Metabolic Diseases

Ovid: Musculoskeletal Imaging Companion

Editors: Berquist, Thomas H.
Title: Musculoskeletal Imaging Companion, 2nd Edition
> Table of Contents > Chapter 14 – Metabolic Diseases

Chapter 14
Metabolic Diseases
Thomas H. Berquist
Osteoporosis: Basic Concepts
Suggested Reading
Eastell R. Treatment of postmenopausal osteoporosis. N Engl J Med 1998;338:736–746.
Lanchik L, Sartoris DJ. Current concepts in osteoporosis. AJR Am J Roentgenol 1997;168:905–911.


Osteoporosis: Generalized


FIGURE 14-1 Osteoporosis. (A) Normal right hip with trabecular pattern well demonstrated. (B) Osteoporotic right hip with poorly defined trabeculae (arrows).


FIGURE 14-2 (A) Lateral thoracic spine with osteoporosis and compression fractures. (B) Lateral lumbar space showing endplate compression (fish vertebra) with biconcave appearance.


FIGURE 14-3 Bone mineral density with osteoporosis in a 76-year-old woman with lumbar (A) and hip (B) T scores of -2.9 and -3.1 for the lumbar spine and right hip, respectively.


FIGURE 14-4 DXA study of the spine in a patient with chronic renal failure and renal osteodystrophy. The endplates are dense (arrows) and bone density increased with T-scores of up to 5.8 in L1.
Suggested Reading
Briot K, Roux C. What is the role of DXA, QUS, and bone markers in fracture prediction, treatment allocation, and monitoring? Best Pract Res Clin Rheumatol 2005;19:951–964.
Ralston SH. Bone densitometry and bone biopsy. Best Pract Res Clin Rheumatol 2005;19:487–501.


Osteoporosis: Regional Osteoporosis
FIGURE 14-5 Disuse osteoporosis. Talar neck fracture with screw fixation. Lateral (A) and anteroposterior (AP) (B) radiographs showing osteopenia with sclerosis (arrow) medially caused by avascular necrosis.


FIGURE 14-6 Transient osteoporosis of the hip: (A) AP radiograph of the pelvis showing osteopenia in the left upper femur. Coronal T1-weighted (B) and T2-weighted (C) magnetic resonance images showing abnormal signal intensity in the femoral head and neck with a joint effusion. (D)
Radionuclide bone scan in a different patient during early symptomatic
phase showing increased tracer in the femoral head and neck. (E) Six months later, after symptoms have cleared, the bone scan is normal.


FIGURE 14-7 RSD. (A) Radionuclide bone scan showing increased tracer in the ankle, hind, and midfoot. AP (B) and lateral (C) radiographs showing advanced periarticular osteopenia.


Suggested Reading
Genant HK, Kozir F, Beherman C, et al. The reflex sympathetic dystrophy syndrome. Radiology 1975;117:21–32.
CW, Conway WF, Daniel WW. MR imaging of bone marrow edema pattern:
Transient osteoporosis, transient bone marrow edema, or osteonecrosis. Radiographics 1993;13:1001–1011.
Jones G. Radiographic appearances of disuse osteoporosis. Clin Radiol 1969;20:345–353.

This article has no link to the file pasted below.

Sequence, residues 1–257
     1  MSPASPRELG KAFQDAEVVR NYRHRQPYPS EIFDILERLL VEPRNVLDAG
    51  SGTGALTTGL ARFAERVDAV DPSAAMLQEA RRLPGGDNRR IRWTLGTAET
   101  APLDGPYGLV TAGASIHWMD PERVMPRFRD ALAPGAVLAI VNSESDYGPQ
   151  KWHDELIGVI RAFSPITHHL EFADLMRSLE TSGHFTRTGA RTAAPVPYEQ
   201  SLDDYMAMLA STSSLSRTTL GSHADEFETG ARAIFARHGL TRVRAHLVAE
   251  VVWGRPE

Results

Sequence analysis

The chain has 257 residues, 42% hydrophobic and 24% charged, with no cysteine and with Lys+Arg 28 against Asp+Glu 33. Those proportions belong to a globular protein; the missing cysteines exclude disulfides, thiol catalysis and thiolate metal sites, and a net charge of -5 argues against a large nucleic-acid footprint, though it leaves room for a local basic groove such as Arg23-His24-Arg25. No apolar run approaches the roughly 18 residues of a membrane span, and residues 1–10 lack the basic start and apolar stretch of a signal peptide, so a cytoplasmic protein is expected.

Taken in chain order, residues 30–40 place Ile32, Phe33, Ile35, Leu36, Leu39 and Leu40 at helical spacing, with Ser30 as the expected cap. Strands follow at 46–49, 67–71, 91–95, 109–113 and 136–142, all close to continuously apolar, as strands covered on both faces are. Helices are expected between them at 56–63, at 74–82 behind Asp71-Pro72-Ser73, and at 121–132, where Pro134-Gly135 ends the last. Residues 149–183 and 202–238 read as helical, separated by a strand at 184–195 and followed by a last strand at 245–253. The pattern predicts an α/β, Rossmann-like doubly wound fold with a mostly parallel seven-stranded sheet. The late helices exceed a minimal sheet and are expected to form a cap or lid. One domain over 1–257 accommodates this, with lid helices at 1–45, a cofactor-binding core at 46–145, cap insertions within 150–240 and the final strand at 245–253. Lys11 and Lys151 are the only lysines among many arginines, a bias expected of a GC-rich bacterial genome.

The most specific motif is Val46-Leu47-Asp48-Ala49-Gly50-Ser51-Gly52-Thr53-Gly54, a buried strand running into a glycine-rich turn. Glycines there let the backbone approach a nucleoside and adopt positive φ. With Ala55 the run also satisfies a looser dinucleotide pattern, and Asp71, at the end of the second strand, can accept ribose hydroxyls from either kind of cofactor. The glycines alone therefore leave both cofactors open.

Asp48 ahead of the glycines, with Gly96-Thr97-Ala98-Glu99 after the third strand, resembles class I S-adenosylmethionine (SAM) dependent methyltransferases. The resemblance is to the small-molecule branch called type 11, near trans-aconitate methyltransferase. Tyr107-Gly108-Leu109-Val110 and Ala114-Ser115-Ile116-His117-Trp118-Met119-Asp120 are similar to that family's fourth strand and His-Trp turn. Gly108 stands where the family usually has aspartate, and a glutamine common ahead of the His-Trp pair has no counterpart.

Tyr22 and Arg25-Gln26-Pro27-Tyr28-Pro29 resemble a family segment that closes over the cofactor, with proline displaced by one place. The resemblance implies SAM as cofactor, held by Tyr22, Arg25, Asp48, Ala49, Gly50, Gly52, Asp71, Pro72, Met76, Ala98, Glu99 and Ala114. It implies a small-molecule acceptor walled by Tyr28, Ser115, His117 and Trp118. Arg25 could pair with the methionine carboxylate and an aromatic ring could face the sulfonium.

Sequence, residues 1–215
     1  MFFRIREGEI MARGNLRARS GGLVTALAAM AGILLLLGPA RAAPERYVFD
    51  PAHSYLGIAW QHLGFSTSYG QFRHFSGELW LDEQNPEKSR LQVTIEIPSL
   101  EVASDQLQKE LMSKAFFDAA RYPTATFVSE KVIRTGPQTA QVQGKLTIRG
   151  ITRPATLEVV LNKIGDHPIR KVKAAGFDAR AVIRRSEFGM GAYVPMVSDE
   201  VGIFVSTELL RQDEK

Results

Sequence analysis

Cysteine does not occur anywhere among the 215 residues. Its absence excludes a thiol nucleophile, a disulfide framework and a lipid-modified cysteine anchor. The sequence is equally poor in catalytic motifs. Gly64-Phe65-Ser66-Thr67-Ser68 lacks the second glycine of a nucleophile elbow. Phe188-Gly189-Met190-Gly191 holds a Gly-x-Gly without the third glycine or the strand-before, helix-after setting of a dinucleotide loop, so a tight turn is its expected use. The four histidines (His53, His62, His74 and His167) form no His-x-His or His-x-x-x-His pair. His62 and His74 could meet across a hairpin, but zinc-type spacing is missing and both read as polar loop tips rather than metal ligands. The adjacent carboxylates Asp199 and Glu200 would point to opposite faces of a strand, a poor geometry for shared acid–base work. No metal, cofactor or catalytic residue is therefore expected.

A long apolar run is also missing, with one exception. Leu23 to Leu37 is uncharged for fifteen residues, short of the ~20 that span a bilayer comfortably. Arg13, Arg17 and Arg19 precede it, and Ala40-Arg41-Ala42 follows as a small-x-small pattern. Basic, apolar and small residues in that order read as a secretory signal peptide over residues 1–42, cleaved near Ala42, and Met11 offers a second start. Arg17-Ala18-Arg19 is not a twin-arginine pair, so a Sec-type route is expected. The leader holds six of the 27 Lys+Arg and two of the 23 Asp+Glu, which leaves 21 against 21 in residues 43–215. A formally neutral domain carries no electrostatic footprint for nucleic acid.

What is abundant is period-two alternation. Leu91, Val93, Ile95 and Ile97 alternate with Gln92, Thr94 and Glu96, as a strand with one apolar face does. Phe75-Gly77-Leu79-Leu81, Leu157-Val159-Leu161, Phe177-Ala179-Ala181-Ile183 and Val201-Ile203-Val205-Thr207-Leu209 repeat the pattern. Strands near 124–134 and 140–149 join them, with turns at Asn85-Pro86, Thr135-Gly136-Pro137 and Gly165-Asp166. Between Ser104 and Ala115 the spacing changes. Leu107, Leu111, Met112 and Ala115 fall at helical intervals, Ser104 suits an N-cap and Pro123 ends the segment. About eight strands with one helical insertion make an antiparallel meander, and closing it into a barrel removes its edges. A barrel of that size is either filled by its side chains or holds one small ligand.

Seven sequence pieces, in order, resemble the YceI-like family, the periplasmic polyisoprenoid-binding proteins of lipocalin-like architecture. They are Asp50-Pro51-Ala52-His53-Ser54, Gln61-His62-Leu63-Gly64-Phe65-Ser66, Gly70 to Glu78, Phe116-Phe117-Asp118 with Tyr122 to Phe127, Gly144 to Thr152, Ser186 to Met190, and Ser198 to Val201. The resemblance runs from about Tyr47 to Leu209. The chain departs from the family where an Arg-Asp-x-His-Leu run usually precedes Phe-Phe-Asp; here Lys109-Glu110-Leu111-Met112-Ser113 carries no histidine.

Rickets and Osteomalacia: Basic Concepts
Neonate and Infant Childhood and Adults
  Congenital rubella
  Vitamin D deficiency
  Biliary atresia
  Celiac disease and malabsorption syndromes
  Dietary calcium and phosphate deficiency
  Hypophosphatemic (Vitamin D resistant)
  Pancreatic insufficiency
  Crohn disease
  Small bowel fistulae
  Small bowel and gastric resections
  Obstructive jaundice
  Chronic liver disease
  Anticonvulsive therapy
  Renal tubular disorders
  Axial osteomalacia


FIGURE 14-8 Vitamin D metabolism and diseases leading to rickets and osteomalacia. (From

Berquist TH, ed. Radiology of the foot and ankle, 2nd ed. Philadelphia: Lippincott Williams & Wilkins; 2000.


Suggested Reading
Rasmussen H, Bordier P, Kurokawa K, et al. Normal control of skeletal and mineral homeostasis. Am J Med 1974;56:751–758.


Rickets and Osteomalacia: Rickets
FIGURE 14-9 “Rachitic rosary.” AP (A) and lateral (B) radiographs of the chest showing prominence of the costochondral junctions (arrows).


FIGURE 14-10 Rickets in a young child with growth plate widening and irregularity in the wrist (A) and knees (B). Note the small epiphyses in the knees.


FIGURE 14-11 Vitamin D-resistant rickets in a 1-year-old child. (A)
AP radiograph of the knees showing irregularity and widening of the
growth plates. The epiphyses are small and irregular as well. (B) Three years after high-dose vitamin D therapy, the knees appear normal. There is residual femoral bowing. (From

Berquist TH, ed. Radiology of the foot and ankle, 2nd ed. Philadelphia: Lippincott Williams & Wilkins; 2000.


Suggested Reading
Steinbach HL, Noetzli M. Roentgen appearance of the skeleton in osteomalacia and rickets. AJR Am J Roentgenol 1964;91:955–972.


Rickets and Osteomalacia: Osteomalacia
FIGURE 14-12 Osteomalacia. AP radiograph of the pelvis showing osteopenia with bilateral femoral neck pseudofractures (arrows).


FIGURE 14-13 AP radiograph of the tibia showing a midshaft pseudofracture (arrow).
Suggested Reading